• Don’t use your mobile phone while driving – it’s illegal.
  • Drink driving limits are extremely low in Australia. Your BAC (blood alcohol concentration) must be under 0.05%, and police will do random breath testing at roadblocks or if they think you may be driving under the influence. To be safe, just don’t drink if you’re driving.
  • Only overtake other vehicles when it’s safe to do so. Use passing lanes whenever possible, and never cross a solid yellow line on your side of the centre line.

Tips for driving in Australia

  • For your safety and that of others, don’t make the mistake of driving immediately after you’ve arrived on a long-haul flight. Tragically, accidents involving tourists occur every year because they make this simple mistake. You can find plenty of affordable lodging near major airports to catch your breath and get some rest.
  • Some rental firms include a GPS with their cars, but more commonly they come with an extra rental charge that can add up over time. An alternative to renting a GPS is to use Google Maps on your smartphone. The main drawback with this approach is that you could end up incurring significant mobile data roaming charges (as the maps refresh) and mobile reception can be spotty in some areas. One alternative is to install the TomTom navigation app on your phone (it’s free) and then simply download the TomTom NZ navigation map for Australia (which costs around AUD$85).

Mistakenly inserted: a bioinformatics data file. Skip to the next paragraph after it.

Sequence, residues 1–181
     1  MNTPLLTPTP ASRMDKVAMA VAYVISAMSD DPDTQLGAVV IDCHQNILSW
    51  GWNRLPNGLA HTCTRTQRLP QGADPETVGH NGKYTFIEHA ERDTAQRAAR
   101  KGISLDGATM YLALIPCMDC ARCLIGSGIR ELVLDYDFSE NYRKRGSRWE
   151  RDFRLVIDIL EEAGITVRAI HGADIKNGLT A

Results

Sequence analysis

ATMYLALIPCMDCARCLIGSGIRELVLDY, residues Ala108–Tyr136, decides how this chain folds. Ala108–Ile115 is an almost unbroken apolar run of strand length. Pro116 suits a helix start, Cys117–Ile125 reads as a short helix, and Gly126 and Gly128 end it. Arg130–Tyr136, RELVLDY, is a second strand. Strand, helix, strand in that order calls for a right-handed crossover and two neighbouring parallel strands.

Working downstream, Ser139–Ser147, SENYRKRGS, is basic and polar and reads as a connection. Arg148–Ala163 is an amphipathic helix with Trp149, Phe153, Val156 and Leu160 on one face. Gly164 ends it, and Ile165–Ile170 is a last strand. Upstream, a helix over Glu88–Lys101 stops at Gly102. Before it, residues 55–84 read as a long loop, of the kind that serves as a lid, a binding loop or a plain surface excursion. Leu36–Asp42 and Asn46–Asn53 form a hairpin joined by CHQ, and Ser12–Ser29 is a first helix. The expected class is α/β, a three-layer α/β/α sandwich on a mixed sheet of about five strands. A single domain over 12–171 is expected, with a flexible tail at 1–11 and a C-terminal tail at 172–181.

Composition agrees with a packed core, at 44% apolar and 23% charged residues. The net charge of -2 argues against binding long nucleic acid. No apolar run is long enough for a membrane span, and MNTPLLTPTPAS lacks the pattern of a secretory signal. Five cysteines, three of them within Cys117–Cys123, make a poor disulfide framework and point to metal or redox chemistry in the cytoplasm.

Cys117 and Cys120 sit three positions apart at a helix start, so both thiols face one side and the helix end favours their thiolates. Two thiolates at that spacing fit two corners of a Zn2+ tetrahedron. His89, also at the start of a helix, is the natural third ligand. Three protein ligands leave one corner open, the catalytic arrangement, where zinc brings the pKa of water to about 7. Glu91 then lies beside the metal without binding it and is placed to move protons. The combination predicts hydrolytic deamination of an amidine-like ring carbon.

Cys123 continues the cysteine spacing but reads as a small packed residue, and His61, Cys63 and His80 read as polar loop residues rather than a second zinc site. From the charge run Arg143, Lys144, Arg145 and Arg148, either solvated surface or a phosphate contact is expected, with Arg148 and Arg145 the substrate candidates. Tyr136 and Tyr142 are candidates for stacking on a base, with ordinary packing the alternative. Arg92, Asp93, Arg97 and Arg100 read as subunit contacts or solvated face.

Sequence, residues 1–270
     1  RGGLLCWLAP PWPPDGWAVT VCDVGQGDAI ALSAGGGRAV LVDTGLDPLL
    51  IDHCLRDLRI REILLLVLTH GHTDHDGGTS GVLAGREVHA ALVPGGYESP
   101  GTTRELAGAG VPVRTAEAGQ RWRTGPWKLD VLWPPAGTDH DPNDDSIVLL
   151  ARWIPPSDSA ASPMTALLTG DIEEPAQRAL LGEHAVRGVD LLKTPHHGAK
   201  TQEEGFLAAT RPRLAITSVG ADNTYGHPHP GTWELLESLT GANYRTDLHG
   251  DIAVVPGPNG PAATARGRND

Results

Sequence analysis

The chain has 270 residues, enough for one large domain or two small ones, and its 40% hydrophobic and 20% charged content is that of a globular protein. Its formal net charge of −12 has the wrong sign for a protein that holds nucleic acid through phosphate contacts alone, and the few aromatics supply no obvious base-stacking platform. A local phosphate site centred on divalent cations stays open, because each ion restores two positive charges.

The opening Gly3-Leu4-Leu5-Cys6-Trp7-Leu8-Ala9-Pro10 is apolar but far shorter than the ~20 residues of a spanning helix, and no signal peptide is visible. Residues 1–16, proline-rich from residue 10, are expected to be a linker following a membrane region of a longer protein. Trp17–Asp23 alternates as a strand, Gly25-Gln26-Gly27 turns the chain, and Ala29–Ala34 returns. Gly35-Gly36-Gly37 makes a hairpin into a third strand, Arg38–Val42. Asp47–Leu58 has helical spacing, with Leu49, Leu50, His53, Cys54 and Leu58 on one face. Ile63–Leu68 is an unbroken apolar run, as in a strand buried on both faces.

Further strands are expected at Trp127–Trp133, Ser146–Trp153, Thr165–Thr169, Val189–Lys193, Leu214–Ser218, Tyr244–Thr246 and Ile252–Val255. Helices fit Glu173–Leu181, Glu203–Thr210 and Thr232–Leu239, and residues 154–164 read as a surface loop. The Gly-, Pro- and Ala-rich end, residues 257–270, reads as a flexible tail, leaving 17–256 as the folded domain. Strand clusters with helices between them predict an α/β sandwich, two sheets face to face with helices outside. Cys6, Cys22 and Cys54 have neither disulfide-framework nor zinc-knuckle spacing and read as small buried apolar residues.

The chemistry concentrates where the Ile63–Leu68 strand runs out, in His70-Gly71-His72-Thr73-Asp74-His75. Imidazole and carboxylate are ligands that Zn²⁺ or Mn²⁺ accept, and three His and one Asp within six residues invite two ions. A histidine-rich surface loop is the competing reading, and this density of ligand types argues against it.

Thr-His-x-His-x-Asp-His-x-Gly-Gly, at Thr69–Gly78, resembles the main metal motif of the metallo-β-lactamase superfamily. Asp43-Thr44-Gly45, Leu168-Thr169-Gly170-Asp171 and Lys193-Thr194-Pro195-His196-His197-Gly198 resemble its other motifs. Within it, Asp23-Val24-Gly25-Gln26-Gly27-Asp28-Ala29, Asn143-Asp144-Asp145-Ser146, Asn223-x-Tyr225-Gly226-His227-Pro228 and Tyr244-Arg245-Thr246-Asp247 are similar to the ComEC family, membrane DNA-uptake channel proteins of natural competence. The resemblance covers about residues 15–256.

• Car break-ins can be common. Make sure all your belongings are hidden in the boot and keep electronics hidden away and secure.
  • Have copies of all of your rental documents, driver’s licence(s) and passport(s).
  • Understand the pick-up and drop-off times for your vehicle — some companies charge more for after-hours delivery.
  • Make sure to schedule your car pick-up for when you are absolutely ready to hit the road. Choosing a later pick-up time can sometimes save you part of a day’s rental fee.
  • Keep in mind that if you don’t have additional drivers signed onto the agreement only the primary driver is allowed to drive the vehicle. It is always a good idea to have a secondary driver if you are able — you can split drive times, but also have an emergency backup if needed.
  • Watch for parking signs (especially clear-away zones) to prevent towing, ticketing and wheel clamping.